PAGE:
He says he wants to test himself against the best and if he keeps up his current winning streak, we may just see former Grassy Park-based Gary Joshua, 29, making a run at contendership in the Extreme Fighting Championship (EFC) bantamweight division.
Watching Joshua in the hexagon it is easy to see how he got the moniker of Relentless. He stares down his opponent with intensity and at the sound of the bell it’s a call to war for the fighter who has been making a name for himself on the mixed martial arts (MMA) circuit in Cape Town for a number of years now.
After going 2-0 as a professional, he is slowly starting to garner a wider base of support.
“I started with submission grappling and Brazilian jiu-jitsu (BJJ) nine years ago. A friend introduced me to it and after my first class, I was hooked.
“I loved the fact that you are constantly being challenged and striving for a perfection that one can never really reach yet you constantly improve your skill set and try to become better every day.
“One of the best things was that even if you were the smaller man, if you had good technique you could defeat a bigger opponent with relative ease,” he said.
At EFC 58, held at GrandWest earlier this month, Joshua came up against Johannesburg’s Jasen van der Merwe. Their was a definite hint of animosity as both fighters squared off in the cage. Van der Merwe came out aggressively but Joshua was able to call on his kickboxing skills (he is a provincial amateur champion) and managed to counter his opponent’s go-forward style well.
Before long the two were on the ground, jossling for position. The crowd was restless but after only a few seconds Joshua was able to sink in a deep guillotine choke from off of his back. Just like that, in the first round, the fight was over, with Joshua claiming his second scalp in the biggest MMA promotion in the country.
“There was definitely some heat between myself and Jasen with some banter leading up to the fight. What got to me was the fact that he was the only fighter who never made weight, which I felt was unprofessional and disrespectful at this level, especially after all the trash talking he did. The fight went pretty much as I expected and I was able to finish him one minute and 30 seconds into round one.
“EFC is an amazing platform where fighters get to display their skills and getting my first fight there last year was a great experience. I really wanted to prove that I could compete with the best and getting a technical knockout in the first round of my first pro fight against a veteran fighter was awesome.
“Looking ahead I just want to keep working hard, improve my skills and mindset and solidify a position as a contender and a force to be reckoned with in my division,” he said.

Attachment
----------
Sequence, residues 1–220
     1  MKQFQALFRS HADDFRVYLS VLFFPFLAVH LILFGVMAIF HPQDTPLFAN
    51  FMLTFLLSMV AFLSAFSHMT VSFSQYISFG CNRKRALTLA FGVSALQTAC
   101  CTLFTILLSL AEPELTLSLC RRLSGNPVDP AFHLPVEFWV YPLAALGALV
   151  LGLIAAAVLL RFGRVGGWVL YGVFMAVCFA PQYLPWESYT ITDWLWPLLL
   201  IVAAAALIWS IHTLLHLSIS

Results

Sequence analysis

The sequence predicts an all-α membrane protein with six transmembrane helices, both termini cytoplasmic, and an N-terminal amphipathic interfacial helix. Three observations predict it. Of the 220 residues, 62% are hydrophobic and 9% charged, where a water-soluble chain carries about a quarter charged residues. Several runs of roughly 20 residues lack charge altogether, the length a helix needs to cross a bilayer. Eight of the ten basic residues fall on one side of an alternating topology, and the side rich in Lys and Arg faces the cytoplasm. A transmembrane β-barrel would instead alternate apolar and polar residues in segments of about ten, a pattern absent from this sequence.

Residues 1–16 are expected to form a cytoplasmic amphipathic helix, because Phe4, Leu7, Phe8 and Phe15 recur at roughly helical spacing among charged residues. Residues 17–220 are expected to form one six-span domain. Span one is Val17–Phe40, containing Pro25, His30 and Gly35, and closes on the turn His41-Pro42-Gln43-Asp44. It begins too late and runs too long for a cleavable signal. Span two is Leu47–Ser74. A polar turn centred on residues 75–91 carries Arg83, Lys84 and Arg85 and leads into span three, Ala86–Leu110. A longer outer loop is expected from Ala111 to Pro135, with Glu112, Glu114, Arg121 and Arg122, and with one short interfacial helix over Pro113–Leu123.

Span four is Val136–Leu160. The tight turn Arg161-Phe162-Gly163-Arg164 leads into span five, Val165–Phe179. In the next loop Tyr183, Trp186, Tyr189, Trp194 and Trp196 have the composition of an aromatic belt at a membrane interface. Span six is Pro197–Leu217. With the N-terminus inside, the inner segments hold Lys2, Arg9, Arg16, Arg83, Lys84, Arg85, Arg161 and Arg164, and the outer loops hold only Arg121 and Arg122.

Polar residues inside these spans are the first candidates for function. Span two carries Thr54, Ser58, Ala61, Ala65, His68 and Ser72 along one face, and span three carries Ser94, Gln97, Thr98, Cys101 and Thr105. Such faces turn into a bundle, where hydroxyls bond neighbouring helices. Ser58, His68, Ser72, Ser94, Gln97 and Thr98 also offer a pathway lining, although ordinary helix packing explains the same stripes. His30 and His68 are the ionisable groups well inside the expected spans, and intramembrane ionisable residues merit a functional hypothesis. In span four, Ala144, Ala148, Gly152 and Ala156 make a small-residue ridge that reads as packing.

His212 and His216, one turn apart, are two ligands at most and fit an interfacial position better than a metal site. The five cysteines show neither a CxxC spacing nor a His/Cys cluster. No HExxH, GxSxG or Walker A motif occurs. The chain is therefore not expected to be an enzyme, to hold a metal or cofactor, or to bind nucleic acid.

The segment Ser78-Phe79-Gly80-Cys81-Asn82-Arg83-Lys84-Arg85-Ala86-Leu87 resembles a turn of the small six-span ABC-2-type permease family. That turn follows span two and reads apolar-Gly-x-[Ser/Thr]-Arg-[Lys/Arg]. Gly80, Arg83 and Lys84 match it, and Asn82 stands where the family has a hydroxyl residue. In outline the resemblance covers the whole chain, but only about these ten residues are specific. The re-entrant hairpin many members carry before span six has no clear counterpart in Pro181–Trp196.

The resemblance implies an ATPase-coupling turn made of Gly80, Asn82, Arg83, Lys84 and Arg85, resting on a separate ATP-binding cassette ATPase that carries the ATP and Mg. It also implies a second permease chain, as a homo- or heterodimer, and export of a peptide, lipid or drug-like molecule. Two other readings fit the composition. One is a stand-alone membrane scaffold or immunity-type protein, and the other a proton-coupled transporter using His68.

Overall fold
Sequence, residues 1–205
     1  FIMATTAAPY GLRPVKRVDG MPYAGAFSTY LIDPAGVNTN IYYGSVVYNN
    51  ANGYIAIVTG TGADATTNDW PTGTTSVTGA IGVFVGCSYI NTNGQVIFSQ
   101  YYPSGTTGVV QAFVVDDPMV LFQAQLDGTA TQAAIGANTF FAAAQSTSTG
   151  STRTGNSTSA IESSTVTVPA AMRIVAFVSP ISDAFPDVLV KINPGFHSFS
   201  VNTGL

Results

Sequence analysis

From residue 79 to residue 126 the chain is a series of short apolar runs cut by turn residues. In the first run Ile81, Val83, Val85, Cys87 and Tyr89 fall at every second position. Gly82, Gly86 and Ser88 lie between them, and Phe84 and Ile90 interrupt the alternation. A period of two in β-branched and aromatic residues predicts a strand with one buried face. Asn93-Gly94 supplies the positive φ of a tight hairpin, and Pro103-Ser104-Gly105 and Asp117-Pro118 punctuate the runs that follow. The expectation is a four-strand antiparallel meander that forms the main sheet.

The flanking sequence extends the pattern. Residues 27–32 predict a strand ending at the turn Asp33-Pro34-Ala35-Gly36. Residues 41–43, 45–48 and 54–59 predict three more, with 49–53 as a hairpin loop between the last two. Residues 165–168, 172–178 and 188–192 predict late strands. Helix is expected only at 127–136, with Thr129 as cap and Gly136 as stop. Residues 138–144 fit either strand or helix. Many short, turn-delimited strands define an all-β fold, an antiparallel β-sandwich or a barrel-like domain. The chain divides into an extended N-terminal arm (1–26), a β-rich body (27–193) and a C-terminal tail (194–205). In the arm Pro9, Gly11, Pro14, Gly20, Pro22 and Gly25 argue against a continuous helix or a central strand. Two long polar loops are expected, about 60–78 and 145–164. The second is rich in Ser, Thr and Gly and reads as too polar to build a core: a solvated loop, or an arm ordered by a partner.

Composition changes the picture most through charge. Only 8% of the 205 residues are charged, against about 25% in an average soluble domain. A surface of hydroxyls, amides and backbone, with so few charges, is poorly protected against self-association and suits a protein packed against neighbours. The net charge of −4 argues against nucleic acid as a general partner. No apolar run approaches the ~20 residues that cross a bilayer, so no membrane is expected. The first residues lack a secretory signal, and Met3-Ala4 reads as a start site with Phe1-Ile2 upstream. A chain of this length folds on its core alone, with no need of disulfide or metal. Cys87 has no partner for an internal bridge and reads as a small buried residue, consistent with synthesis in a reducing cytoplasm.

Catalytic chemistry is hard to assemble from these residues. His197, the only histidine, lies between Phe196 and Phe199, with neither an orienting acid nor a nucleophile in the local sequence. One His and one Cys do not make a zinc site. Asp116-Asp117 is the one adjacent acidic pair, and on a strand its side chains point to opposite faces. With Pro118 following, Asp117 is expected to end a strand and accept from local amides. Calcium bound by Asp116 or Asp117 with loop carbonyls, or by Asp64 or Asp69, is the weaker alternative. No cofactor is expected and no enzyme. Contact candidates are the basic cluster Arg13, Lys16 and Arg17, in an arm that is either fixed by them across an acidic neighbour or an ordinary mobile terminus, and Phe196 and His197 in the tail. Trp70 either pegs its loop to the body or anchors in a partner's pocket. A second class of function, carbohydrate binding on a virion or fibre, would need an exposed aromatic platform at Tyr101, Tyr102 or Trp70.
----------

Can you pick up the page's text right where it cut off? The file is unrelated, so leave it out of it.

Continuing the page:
Although Joshua was primarily known as a good grappler in his amateur days, he has worked hard to round out his skills with striking and jiu-jitsu so as not to be labeled as a one-dimensional fighter. With the motto to show up and show off, he knows that it’s the hard work in the gym that pays off when the cage door closes.
“When I began this journey I was only into submission grappling and BJJ and I used to train judo with the SA navy in Simon’s Town and over the years developed a strong grappling base but when I became interested in MMA I had to challenge myself to get a more realistic feel for a real fight and started to work on my stand up and striking technique.
“I have trained at many gyms all over the Western Cape. The upside of that is that you learn to become comfortable with being uncomfortable. Every gym and instructor has their own methods and it is important to keep learning wherever you can.
“I was probably only about three months into training when I entered my first competition. I’ve always had a drive to test myself and have competed in individual disciplines like grappling, BJJ, judo, boxing, K-1 kickboxing and MMA.
“In 2015 I won the Cape Fight League super-am bantamweight MMA title and that’s when I made the decision to pursue MMA professionally. I used to watch EFC on TV and thought ‘I can do that’ and now I get to have my armour tested against the best guys around.
“The friendships you develop after facing off one-on-one is something pure and only a fellow martial artist will understand how testing yourself like that works. You either win or you learn.
“If you have that dream, don’t stop until you achieve it. There will be many obstacles to distract you and people who will doubt you but you have the means to make it a reality. It starts with just showing up for training every day with the mindset of a champion. The results will follow,” he said.